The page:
""Today the first American is going to walk in space,"" begins this tale of a father and son's reconciliation. Tommy is looking forward to telling his father about the spaceship blastoff he's seen on TV at school, but his father pulls up to the driveway and ""growls, `Move your bike. Now!' "" Tommy is devastated, ""A million stars burst in my body. Hot and cold."" The language may be strong, but Tommy's feelings of rejection are believable, and when Dad finally understands Tommy's distress, he comes to the small astronaut's rescue. Catalanotto's (Mr. Mumble; The Painter) watercolors are breathtaking, but so abstruse that even adult readers may be confused. Each spread shimmers with light, brims with intriguing designs and details that reinforce the period setting, and the faces seem alive with energy and emotion. But the conceit of having the father and his car represent the father himself is cumbersome. For example, paired with the text ""Maybe Dad doesn't care about spacewalking"" is an illustration of Tommy watching his father drive the car through the living room, as if the man had just blown through the patio doors. When Dad orders Tommy to remove his colander/space helmet, ""Dad beeps, `No helmets at the table,' "" and the father and his car are pictured tableside. The book succeeds in representing a boy's imaginary play world as well as his changing moods, but the forced exposition at the beginning, the complexity of the visual images and the heavy-handed symbolism may make the book difficult for young readers to understand. Ages 5-8. (Sept.)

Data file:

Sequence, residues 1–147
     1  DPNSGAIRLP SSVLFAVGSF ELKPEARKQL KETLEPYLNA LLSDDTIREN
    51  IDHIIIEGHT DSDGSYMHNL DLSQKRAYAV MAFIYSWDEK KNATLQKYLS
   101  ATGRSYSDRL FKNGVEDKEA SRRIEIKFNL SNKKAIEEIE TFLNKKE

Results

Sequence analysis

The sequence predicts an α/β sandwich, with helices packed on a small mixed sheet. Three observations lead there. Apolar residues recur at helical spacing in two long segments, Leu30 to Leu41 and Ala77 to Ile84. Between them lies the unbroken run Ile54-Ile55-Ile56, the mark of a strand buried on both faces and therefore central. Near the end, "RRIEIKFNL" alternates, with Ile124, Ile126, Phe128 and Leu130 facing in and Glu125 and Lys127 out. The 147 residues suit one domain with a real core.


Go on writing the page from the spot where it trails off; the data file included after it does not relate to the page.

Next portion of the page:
Reviewed on: 08/30/1999 Release date: 09/01/1999 Genre: Children's
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